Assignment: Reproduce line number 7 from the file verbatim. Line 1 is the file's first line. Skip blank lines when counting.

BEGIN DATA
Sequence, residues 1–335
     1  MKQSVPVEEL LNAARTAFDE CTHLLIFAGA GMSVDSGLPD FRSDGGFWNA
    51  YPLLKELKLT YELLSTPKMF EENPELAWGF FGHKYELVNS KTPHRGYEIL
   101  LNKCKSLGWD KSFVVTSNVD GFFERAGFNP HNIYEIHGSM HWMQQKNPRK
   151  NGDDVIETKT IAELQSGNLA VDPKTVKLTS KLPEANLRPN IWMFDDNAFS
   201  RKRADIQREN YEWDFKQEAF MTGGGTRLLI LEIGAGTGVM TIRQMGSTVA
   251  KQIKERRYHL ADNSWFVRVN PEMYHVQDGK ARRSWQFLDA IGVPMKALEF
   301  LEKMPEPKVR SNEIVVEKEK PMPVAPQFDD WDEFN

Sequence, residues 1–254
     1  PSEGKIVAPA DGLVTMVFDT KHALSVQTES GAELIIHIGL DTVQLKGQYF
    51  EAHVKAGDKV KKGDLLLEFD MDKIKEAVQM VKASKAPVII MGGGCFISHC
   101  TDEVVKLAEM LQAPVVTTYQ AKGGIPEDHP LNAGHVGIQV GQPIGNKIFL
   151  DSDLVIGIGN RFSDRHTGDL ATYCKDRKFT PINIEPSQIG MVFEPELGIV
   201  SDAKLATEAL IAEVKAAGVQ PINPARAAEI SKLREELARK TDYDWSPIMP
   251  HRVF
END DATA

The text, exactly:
   251  KQIKERRYHL ADNSWFVRVN PEMYHVQDGK ARRSWQFLDA IGVPMKALEF